This diagram is based on the research by Mihaly Csikszentmihalyi, a renowned psychology professor, known for his work on the psychological concept ‘flow’. It can be adapted to fit any environment but I want to explain the implcations it has for teachers at secondary schools. It explains how they can create a situation where optimal performance can happen and thus help their students to achieve their best.
On the diagram you can see two axes, one for the skill level (from low to high) and the other for the challenge level (from low to high). Depending on the combination of a learner’s skill and challenge level, different emotions are caused which facilitate or impede optimal learning and development.
Let me give you a concrete example so you have a better understanding of what that means. Let’s say you have three students in your class who factually have the same high skill level but their perception of their skill level is different.
In our example, student A believes they have a high skill level, student B believes their skill level is medium and student C believes they have a very low skill level, when in fact, to make this clear again, all of them have the same high skill level.
If student A is presented with exercises that are not challenging and too easy for them, they will feel relaxation, meaning that they know they are capable of completing the tasks without much effort. The result is that student A does not feel involved in the task. This is not what we want as a teacher because that means that this student does not make the progress they are theoretically capable of.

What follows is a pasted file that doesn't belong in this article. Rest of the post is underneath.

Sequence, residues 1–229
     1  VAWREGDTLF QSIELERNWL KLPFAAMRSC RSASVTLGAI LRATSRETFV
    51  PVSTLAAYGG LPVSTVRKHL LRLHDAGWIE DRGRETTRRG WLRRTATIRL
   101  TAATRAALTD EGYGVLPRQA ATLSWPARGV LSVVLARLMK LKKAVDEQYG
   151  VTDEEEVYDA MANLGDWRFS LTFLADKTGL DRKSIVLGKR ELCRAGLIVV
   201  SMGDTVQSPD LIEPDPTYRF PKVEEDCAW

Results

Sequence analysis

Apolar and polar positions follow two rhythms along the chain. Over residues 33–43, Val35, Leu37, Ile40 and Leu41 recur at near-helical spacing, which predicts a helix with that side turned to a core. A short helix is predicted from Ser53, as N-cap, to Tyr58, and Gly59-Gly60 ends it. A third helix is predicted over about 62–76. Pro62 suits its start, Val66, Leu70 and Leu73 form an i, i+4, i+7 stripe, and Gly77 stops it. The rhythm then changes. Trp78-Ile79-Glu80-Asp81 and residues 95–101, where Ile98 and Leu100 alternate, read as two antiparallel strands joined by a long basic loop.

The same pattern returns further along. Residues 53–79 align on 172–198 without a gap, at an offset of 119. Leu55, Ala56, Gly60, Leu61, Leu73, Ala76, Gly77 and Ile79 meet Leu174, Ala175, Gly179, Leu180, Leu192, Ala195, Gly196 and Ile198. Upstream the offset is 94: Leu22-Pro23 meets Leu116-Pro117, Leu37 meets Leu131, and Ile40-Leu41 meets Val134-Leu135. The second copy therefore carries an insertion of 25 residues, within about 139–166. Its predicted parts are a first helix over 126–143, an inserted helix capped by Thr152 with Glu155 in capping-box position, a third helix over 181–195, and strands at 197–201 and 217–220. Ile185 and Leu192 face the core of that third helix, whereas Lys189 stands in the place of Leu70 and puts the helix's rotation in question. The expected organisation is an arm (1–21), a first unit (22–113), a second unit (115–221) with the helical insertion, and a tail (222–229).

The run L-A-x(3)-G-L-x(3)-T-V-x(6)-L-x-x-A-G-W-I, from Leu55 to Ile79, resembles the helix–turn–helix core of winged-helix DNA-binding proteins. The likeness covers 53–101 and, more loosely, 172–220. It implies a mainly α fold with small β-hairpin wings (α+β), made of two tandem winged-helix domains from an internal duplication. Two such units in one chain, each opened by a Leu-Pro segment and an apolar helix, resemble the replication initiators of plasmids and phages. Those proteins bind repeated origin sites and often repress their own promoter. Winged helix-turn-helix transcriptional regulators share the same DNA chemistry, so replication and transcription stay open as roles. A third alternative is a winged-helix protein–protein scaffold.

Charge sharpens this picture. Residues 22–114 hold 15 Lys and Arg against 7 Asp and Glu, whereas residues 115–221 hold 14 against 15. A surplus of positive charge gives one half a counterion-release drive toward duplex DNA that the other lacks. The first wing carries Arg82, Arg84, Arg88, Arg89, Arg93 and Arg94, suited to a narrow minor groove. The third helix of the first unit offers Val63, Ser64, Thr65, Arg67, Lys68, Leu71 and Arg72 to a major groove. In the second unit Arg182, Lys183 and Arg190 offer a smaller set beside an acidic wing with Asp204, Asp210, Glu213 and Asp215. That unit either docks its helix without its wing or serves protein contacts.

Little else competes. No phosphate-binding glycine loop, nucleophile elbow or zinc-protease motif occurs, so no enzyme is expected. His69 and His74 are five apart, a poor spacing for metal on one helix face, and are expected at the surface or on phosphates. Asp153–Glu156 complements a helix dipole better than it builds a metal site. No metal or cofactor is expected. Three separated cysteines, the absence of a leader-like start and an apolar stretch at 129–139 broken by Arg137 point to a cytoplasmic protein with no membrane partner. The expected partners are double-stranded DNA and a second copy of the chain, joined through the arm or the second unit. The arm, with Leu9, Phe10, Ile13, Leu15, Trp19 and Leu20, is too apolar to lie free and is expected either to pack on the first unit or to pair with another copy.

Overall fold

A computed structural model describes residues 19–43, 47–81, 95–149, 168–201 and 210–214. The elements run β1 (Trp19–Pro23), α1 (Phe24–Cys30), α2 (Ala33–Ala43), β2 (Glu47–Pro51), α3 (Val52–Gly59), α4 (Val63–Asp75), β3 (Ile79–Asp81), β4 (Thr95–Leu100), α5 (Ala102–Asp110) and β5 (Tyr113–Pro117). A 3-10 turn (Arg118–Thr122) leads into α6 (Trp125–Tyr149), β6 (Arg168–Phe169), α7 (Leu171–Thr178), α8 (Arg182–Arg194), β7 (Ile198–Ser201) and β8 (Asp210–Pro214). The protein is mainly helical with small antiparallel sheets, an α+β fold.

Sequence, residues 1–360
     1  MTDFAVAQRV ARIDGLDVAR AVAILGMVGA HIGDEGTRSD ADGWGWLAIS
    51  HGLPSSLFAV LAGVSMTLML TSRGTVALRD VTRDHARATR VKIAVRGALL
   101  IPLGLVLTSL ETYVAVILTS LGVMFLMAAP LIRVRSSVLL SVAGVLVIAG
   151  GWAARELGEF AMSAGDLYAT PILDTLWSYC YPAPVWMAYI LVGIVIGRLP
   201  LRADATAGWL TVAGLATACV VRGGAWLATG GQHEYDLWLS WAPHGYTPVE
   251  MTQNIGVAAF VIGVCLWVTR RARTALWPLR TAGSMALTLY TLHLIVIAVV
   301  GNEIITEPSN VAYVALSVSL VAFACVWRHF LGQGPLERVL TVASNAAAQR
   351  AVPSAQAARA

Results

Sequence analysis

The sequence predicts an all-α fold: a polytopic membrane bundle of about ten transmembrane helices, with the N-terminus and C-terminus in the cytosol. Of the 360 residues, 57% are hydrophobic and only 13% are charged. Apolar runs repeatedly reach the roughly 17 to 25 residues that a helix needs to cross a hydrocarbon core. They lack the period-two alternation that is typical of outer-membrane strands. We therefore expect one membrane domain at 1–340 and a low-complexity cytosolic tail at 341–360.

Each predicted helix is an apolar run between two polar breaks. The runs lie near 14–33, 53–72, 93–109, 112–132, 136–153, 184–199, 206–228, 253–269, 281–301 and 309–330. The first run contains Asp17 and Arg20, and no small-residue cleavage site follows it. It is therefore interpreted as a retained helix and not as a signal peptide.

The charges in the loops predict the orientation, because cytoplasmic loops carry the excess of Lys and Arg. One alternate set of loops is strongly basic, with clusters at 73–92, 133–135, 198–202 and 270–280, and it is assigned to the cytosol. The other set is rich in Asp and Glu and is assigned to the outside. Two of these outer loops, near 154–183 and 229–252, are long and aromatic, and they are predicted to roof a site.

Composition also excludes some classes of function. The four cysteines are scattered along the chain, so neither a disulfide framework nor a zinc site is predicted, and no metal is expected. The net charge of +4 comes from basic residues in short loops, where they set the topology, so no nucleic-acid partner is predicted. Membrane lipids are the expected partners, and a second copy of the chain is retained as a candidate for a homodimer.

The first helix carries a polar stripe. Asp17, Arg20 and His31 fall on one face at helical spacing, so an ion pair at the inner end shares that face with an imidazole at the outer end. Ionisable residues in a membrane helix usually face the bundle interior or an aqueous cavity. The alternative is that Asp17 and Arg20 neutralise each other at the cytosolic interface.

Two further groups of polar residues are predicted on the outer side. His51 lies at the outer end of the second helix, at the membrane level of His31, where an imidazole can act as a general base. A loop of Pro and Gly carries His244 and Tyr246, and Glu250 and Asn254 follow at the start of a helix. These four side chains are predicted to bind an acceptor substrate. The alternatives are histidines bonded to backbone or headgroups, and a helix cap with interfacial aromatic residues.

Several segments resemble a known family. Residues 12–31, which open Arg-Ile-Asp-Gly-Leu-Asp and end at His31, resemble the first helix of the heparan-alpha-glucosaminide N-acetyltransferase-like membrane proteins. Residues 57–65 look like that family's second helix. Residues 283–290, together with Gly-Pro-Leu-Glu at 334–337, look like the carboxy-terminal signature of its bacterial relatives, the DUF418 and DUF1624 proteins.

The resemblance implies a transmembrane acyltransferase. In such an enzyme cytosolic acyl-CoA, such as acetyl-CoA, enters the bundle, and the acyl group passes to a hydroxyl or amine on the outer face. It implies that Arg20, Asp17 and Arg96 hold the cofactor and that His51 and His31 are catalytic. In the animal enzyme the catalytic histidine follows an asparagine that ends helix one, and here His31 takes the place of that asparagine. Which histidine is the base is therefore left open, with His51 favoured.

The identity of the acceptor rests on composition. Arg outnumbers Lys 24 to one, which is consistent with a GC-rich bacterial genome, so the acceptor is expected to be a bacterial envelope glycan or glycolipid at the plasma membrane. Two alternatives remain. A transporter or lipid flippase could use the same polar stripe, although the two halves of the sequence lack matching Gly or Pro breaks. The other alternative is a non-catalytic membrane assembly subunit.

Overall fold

If we now raise the challenge level for student A (who believes that they have a high skill level), they will feel in control. At this stage student A does not push beyond what they are capable of, you could say that this is their comfort zone. They will still be able to complete the task but with a bit more effort. However, at this stage their learning potential is not optimal yet, this is the level where you want them to be when they revise for a test or take an exam.
For optimal learning to take place, a student should be in the zone of flow, a state where their (perceived & real) high skill level is matched by a high challenge level. This means that they feel that the task is very difficult and a bit beyond what they are capable of. Student A, however, because of their belief in their high skill level does not give up and will eventually manage to complete the task.
Let’s look at student B now who believes that their skill level is medium. If they are presented with tasks that are very easy, they will feel boredom which is different to student A who feels control. But in this state student B will also not feel very involved in the task. If the challenge level is now raised and student B (who believes they only have a medium skill level) feels that the task becomes too difficult for them, they will feel arousal, a state when they believe that the challenge level is too high for them to complete the task and they will therefore most likely give up. In this state student B will be able to make progress but they will not be able to achieve their best because the emotions they feel will not allow them to make use of all of their abilities.